When you're done, just press the bottom button again to end your workout. The SportWatch will even give you a little pat on the back by displaying encouraging messages like "Great job!" or "Personal best!" It will also give you a friendly reminder if you haven't run in a few days as a little motivational nudge.
At home, you can upload your workout data to your PC or Mac. Nike cleverly incorporated a USB connector into the wrist strap that you can flip out, plug into the included USB cable, and so connect to your computer.
Once connected, the Nike+ software automatically loads and transfer information to the Nikeplus.com Web site where you can view your workout summary by pace or route, with data on your splits and laps, fastest mile, slowest mile, elevation, and more. The Web site also offers options for creating goals and challenges, custom training programs, and a social component, whether it's posting your run data on Facebook or Twitter or connecting with other runners.
We tested the Nike+ SportWatch GPS in Manhattan and overall, we were quite happy with it. The watch, like the Nike+ Web site, is very easy to use. Setting up and using the watch right out of the box is quick and easy, but if there's one thing we'd change we'd like to be able to actually set the time right on the watch. Right now, you need to connect it to your computer first.
As for the SportWatch's actual performance, we had some initial problems with the GPS. On our first run, the watch couldn't lock onto a GPS signal at all, so we just used the shoe pod to track our distance and pace without route information. We ran into the same issue on our second run, but after toggling the GPS off and on again, we finally got a GPS fix. We didn't have any subsequent problems getting a signal.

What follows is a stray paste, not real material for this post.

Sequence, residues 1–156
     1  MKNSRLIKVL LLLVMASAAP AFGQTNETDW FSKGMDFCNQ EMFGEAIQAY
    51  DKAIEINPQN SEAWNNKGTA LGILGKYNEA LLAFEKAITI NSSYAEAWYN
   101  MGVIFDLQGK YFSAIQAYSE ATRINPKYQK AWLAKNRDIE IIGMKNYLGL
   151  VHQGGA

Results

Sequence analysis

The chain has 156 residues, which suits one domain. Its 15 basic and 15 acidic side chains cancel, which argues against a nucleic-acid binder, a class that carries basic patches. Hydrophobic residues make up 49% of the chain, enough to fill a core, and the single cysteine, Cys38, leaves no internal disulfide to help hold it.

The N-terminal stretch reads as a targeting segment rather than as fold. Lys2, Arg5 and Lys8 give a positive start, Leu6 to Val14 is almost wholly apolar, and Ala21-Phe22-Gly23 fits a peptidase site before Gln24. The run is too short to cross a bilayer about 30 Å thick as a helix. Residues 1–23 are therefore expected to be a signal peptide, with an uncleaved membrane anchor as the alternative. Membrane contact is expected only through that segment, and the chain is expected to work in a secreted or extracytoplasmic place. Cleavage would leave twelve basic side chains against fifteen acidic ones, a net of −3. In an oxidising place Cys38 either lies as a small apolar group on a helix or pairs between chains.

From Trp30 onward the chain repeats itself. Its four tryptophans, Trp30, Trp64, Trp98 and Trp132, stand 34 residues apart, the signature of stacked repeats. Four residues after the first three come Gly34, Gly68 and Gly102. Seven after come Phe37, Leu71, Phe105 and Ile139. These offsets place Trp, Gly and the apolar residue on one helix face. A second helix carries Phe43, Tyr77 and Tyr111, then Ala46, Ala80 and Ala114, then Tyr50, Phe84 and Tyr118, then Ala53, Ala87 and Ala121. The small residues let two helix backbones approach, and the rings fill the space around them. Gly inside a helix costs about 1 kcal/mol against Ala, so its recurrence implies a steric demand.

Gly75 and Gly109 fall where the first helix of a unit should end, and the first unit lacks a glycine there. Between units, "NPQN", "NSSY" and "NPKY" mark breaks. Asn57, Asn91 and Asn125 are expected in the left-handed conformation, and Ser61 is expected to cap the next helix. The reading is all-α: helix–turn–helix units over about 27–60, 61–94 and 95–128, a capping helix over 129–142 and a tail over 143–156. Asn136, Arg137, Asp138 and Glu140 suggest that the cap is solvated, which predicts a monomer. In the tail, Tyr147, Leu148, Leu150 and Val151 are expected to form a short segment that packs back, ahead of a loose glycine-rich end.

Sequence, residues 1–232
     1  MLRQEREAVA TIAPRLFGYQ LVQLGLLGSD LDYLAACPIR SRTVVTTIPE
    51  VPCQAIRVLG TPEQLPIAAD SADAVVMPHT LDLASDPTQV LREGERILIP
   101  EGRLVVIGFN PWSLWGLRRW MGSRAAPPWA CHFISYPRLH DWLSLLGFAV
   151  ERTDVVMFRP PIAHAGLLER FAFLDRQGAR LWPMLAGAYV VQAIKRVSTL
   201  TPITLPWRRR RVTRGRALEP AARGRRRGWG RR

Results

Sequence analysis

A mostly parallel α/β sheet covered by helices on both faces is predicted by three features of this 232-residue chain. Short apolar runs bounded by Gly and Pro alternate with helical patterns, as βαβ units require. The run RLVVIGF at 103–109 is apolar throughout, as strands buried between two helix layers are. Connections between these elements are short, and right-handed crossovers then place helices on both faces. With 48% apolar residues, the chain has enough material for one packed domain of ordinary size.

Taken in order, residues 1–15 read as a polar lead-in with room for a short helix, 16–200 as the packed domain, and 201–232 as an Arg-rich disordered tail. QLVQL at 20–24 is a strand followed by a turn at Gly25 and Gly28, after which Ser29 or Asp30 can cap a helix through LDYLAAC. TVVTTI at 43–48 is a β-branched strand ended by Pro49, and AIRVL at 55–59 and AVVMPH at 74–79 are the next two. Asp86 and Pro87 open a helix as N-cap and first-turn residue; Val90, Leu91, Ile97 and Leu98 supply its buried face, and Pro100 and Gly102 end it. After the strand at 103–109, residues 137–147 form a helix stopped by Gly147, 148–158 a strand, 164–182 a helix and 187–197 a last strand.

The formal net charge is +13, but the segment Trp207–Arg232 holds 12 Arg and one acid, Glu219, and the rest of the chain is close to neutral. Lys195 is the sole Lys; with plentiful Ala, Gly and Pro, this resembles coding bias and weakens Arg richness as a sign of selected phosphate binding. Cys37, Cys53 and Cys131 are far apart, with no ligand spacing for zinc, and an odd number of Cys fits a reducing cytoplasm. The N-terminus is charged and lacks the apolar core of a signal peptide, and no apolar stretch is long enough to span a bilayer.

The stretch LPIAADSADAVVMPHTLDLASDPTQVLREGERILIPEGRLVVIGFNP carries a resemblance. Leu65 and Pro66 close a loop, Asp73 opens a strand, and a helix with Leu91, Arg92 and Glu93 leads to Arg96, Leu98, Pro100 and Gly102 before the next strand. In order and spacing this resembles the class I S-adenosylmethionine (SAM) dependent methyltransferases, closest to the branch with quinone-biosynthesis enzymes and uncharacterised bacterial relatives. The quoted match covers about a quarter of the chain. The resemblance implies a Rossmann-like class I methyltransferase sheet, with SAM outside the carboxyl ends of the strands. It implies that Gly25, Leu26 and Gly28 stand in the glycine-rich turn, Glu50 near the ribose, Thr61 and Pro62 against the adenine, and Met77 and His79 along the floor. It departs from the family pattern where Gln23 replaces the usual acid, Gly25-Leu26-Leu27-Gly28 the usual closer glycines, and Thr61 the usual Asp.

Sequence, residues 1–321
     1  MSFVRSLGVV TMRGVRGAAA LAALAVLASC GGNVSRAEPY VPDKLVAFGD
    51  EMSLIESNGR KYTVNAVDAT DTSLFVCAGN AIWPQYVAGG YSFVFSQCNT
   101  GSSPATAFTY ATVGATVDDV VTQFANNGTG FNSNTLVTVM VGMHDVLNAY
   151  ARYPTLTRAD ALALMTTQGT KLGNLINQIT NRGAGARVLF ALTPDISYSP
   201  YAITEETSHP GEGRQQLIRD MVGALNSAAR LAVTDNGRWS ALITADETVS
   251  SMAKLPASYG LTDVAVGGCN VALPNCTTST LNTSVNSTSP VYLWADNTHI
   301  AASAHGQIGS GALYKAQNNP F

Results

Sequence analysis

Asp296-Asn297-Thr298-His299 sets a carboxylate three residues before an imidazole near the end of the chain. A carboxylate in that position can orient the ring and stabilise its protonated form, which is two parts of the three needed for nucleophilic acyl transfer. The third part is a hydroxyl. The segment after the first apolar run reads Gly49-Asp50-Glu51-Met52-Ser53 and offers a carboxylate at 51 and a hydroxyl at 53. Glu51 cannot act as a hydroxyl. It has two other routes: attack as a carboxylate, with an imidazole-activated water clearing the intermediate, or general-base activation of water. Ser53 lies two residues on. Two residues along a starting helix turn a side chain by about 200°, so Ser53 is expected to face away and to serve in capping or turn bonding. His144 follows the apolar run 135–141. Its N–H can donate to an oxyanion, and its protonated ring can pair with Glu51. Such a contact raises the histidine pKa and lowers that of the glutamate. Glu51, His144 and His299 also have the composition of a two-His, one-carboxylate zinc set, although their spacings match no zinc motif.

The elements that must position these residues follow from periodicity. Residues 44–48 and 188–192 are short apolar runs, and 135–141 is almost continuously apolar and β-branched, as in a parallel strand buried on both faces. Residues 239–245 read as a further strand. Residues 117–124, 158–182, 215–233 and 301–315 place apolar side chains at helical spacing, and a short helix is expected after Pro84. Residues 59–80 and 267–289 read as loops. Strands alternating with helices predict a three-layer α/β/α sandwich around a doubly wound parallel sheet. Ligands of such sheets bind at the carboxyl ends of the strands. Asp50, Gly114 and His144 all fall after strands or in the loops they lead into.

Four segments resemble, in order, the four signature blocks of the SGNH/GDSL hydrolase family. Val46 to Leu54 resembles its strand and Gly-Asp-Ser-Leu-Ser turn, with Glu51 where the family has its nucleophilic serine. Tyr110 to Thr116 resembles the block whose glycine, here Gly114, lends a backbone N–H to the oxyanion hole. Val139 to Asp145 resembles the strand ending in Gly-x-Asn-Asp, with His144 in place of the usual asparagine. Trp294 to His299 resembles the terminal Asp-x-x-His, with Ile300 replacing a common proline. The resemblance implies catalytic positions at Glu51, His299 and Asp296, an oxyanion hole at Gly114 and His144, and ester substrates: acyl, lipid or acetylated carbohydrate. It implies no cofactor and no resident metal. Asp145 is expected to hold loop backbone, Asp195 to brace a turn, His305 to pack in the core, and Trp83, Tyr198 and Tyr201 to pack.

When reviewing our run data, however, we noticed that some of the GPS data was off. For example, we noticed the starting point for one of runs was about seven blocks off from our actual position. We didn't experience GPS inaccuracy all the time, but it did happen more than once. Also, while the SportWatch does a good job of covering the basics, it does lack some of the more advanced features of other GPS watches. For example, the Garmin Forerunner 405 has a "virtual partner" to challenge you to pick up your pace and offers wireless data transfer.
Battery life is impressive. After several runs of about 1 hour each, we saw barely a dent in battery life, and needed to recharge after about five days. Nike says the SportWatch will last up to 9 hours of run time and requires about 2 hours to fully charge.
For most runners, the Nike+ SportWatch GPS is a great and simple way to track your workouts. We wish it cost slightly less, but you're also getting the shoe sensor as part of the deal, as well as a good-looking timepiece. That said, serious runners or triathletes might find the SportWatch a little too simple, as it lacks some of the more advanced features, such as multisport use (biking, for example) and the ability to view previous workouts on the watch, and thus, might want to look at alternatives such as some of the Garmin Forerunner devices.